Medicare

Medicare

[med-i-kair]
Medicare, national health insurance program in the United States for persons aged 65 and over and the disabled. It was established in 1965 with passage of the Social Security Amendments and is now run by the Centers for Medicare and Medicaid Services. Coverage for the disabled began in 1973. Medicare provides for a basic program of hospital insurance, under which enrollees are protected against major costs of hospital and related care; and a supplementary medical insurance program, through which persons are aided in paying doctor bills and other health-care bills. It is funded by a tax on the earnings of employees that is matched by the employer and by premiums paid by enrollees. In 2002 nearly 40.5 million Americans were enrolled in Medicare. Legislation passed in 2003 provides for a drug benefit program (beginning in 2006), higher premiums for enrollees earning more than $80,000, and subsidies over 10 years to encourage private insurers to compete with Medicare.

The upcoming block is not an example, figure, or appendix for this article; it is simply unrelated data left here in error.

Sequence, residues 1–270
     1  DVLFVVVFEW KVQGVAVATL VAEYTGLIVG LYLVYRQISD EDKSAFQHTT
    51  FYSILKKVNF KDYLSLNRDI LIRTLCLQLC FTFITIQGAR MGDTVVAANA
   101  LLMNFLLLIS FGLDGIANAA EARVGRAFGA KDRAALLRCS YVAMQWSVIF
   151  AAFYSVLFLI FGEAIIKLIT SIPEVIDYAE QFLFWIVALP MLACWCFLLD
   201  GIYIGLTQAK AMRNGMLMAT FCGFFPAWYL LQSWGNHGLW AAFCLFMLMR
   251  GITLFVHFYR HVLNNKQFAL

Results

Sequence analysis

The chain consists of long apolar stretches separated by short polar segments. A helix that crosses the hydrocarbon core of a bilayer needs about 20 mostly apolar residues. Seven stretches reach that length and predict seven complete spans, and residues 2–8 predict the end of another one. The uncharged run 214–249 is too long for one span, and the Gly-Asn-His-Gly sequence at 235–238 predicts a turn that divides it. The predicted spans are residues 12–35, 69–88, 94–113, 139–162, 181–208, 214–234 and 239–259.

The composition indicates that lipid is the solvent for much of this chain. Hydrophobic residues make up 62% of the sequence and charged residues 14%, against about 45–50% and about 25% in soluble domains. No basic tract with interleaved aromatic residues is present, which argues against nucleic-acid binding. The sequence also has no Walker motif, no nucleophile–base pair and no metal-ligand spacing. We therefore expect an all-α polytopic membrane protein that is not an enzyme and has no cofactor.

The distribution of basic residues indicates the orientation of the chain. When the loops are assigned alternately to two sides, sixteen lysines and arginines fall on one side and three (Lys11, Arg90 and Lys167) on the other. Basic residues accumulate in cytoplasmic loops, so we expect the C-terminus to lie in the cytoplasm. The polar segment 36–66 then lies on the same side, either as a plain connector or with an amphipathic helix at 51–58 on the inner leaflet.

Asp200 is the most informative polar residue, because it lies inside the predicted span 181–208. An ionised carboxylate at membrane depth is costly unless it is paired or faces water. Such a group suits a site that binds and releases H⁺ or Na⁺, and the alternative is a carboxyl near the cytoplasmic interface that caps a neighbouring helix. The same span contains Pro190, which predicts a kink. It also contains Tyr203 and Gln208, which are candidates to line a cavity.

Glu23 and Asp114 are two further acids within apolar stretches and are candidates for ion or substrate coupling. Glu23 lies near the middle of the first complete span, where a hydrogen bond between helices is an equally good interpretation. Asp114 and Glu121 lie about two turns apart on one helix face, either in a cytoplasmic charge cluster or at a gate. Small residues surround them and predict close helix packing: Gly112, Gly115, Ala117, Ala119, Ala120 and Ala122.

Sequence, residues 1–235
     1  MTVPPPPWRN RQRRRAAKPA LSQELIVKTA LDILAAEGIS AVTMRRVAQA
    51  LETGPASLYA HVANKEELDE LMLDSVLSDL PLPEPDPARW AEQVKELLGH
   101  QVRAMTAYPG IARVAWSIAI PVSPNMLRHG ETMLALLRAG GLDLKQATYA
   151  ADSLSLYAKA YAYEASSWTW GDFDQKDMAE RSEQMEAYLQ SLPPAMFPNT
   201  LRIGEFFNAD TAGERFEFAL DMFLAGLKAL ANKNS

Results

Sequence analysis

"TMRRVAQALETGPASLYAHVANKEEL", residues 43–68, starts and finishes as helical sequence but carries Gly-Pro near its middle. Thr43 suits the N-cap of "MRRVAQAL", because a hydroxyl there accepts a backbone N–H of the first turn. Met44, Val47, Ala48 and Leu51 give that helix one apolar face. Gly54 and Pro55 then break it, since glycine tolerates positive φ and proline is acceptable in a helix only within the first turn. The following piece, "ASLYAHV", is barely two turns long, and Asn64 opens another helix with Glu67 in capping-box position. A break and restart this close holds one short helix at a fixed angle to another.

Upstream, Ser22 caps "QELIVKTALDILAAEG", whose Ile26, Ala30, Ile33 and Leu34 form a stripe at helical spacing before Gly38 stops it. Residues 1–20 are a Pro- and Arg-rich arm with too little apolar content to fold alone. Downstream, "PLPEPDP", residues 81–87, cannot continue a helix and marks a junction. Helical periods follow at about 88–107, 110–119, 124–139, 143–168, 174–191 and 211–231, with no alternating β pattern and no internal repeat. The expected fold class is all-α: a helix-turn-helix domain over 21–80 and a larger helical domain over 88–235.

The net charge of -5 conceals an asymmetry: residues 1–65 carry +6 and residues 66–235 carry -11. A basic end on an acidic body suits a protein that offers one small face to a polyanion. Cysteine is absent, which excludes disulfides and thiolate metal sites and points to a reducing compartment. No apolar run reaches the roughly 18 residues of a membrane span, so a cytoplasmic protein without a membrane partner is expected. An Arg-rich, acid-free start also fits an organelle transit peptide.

U.S. government programs in effect since 1966. Medicare covers most people 65 or older and those with long-term disabilities. Part A, a hospital insurance plan, also pays for home health visits and hospice care. Part B, a supplementary plan, pays for doctors' services, tests, and other services. Requirements and benefits are complex. Patients pay deductibles and copayments. Medicaid, a joint federal-state program, covers low-income people under age 65 and those who have exhausted Medicare benefits. It pays for hospital care, doctors' services, nursing-home care, home health services, family planning, and screening. Participating states must offer Medicaid to all persons on public assistance but decide their own eligibility guidelines. Many physicians refuse to treat Medicaid patients because of low reimbursement levels.

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Medicare may refer to several publicly-funded health insurance programs:

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